A roadmap toward sustainable mobility: What we already knew, and what we’re learning from the pandemic

This page in:

A man with a face wask waits to board a train in Tokyo, Japan. Photo: Carina Sze/Unsplash
Photo: Carina Sze/Unsplash

From aviation to logistics and public transport, the coronavirus (COVID-19) pandemic has completely upended the transport industry. But it has also demonstrated the vital importance of mobility to almost all aspects of our lives. Despite the current disruptions, we need transport more than ever to take key workers to their jobs, deliver essential supplies, maintain food security, and support economic recovery. It’s clear that we cannot build a more resilient world without resilient transport.

But what exactly do we mean by that? Although resilience has been an important part of the sustainable mobility agenda for quite some time, the conversation has focused mostly on protecting transport infrastructure from climate risk and natural disasters. Today’s crisis is different in that the pandemic has affected the delivery of transport services rather than the infrastructure itself. Specifically, health concerns and lockdown measures have caused passenger volumes to plummet while imposing a host of operational constraints on transport providers. In other words, we are looking at a profound market shock on both the demand and supply sides.

To overcome this challenge and protect the sector from future crises, decision makers need concrete, specific guidance. The recent Global Roadmap of Action Toward Sustainable Mobility (GRA) could be an important part of that process: it was designed precisely to help countries improve their transport systems—including from a resilience standpoint—by drawing on 180 tried-and-tested policy measures from around the world.

Interestingly, the tool was launched back in October, at a time when few people were familiar with the term “coronavirus.” Just a few months later, we live in a very different world. Now is a good time to look back on the GRA through the lens of COVID-19: How can we leverage this body of work to increase the short- and long-term resilience of the transport sector? And are there new measures that should be introduced in light of the pandemic?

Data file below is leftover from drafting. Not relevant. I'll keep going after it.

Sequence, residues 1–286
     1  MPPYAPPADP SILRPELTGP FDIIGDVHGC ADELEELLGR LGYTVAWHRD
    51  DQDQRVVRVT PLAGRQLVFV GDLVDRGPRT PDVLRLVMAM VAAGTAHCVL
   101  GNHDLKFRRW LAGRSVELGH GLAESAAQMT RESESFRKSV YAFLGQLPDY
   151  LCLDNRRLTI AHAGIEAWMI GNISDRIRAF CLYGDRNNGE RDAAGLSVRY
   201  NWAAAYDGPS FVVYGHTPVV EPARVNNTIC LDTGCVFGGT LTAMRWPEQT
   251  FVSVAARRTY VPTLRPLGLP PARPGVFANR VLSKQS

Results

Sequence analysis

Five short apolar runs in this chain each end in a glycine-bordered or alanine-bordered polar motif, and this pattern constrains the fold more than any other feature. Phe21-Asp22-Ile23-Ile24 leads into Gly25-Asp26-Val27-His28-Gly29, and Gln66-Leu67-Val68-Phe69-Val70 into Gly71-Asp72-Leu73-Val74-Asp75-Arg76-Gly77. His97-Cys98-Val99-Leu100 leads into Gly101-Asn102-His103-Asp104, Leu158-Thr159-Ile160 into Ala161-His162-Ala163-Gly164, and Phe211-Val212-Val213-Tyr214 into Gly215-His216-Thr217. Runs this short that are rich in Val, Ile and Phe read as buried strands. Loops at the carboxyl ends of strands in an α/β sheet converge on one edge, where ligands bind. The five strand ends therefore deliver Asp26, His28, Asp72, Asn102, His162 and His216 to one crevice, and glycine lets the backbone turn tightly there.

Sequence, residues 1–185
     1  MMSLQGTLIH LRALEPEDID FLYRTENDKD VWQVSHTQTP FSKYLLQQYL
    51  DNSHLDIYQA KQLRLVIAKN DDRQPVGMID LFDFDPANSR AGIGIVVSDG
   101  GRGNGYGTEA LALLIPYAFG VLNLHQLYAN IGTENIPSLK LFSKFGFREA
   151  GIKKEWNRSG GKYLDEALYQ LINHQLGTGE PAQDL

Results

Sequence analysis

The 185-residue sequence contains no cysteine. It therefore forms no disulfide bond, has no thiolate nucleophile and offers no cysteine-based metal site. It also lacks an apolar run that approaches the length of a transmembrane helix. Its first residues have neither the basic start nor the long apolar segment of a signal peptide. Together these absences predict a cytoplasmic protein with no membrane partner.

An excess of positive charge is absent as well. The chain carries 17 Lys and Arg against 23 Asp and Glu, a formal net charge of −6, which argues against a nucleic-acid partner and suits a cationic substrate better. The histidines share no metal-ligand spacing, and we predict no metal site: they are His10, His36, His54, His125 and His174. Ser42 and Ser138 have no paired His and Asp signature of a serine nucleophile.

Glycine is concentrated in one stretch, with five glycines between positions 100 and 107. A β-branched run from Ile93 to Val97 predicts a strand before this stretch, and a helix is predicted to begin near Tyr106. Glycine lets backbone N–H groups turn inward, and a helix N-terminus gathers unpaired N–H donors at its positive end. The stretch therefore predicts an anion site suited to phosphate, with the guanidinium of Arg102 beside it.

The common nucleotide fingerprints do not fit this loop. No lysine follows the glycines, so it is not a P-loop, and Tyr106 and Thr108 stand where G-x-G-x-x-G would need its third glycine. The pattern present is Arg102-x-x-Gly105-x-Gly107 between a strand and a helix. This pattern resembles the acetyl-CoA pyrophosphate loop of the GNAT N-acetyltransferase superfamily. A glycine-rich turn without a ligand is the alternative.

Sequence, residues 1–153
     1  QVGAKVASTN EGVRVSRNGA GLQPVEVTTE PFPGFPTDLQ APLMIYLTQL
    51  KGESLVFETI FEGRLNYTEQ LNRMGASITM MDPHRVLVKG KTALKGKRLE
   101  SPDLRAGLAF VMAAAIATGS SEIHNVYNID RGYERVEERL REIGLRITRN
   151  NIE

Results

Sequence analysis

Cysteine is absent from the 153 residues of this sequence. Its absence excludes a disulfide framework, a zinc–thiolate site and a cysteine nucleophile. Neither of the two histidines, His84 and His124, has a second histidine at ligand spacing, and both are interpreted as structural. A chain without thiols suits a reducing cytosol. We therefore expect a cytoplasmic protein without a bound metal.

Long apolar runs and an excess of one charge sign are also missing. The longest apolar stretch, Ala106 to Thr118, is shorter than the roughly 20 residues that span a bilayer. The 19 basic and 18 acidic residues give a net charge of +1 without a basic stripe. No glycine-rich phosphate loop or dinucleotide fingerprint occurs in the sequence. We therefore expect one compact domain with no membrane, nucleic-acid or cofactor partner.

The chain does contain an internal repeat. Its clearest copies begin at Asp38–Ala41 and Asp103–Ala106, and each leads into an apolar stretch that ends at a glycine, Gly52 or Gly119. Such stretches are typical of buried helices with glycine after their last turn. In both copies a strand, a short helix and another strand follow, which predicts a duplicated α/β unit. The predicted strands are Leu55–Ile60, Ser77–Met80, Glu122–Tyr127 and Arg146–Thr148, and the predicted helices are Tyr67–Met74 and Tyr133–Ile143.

Existing policy options

The GRA features more than 50 measures that are directly relevant to the current crisis, and that can make a significant contribution to the resilience of transport. These include:

  • Planning for an integrated multi-modal transport network. The pandemic has demonstrated the importance of a flexible and adaptable transport system. Multi-modal planning is a key part of this: when a crisis such as COVID-19 cripples part of the transport network, the existence of other modes provide a critical alternative, ensuring people and goods can still get where they need to go.
  • Coordinating action among agencies. Effective coordination across the transport sector is important even under normal circumstances, and it becomes essential when dealing with a crisis or emergency situation.
  • Sharing data across platforms and systems. Big Data can make transport management much more efficient and responsive, especially when dealing with disruptions. But to make the most of these advances, operators and governments need clear protocols to share data effectively, while also addressing privacy and security considerations.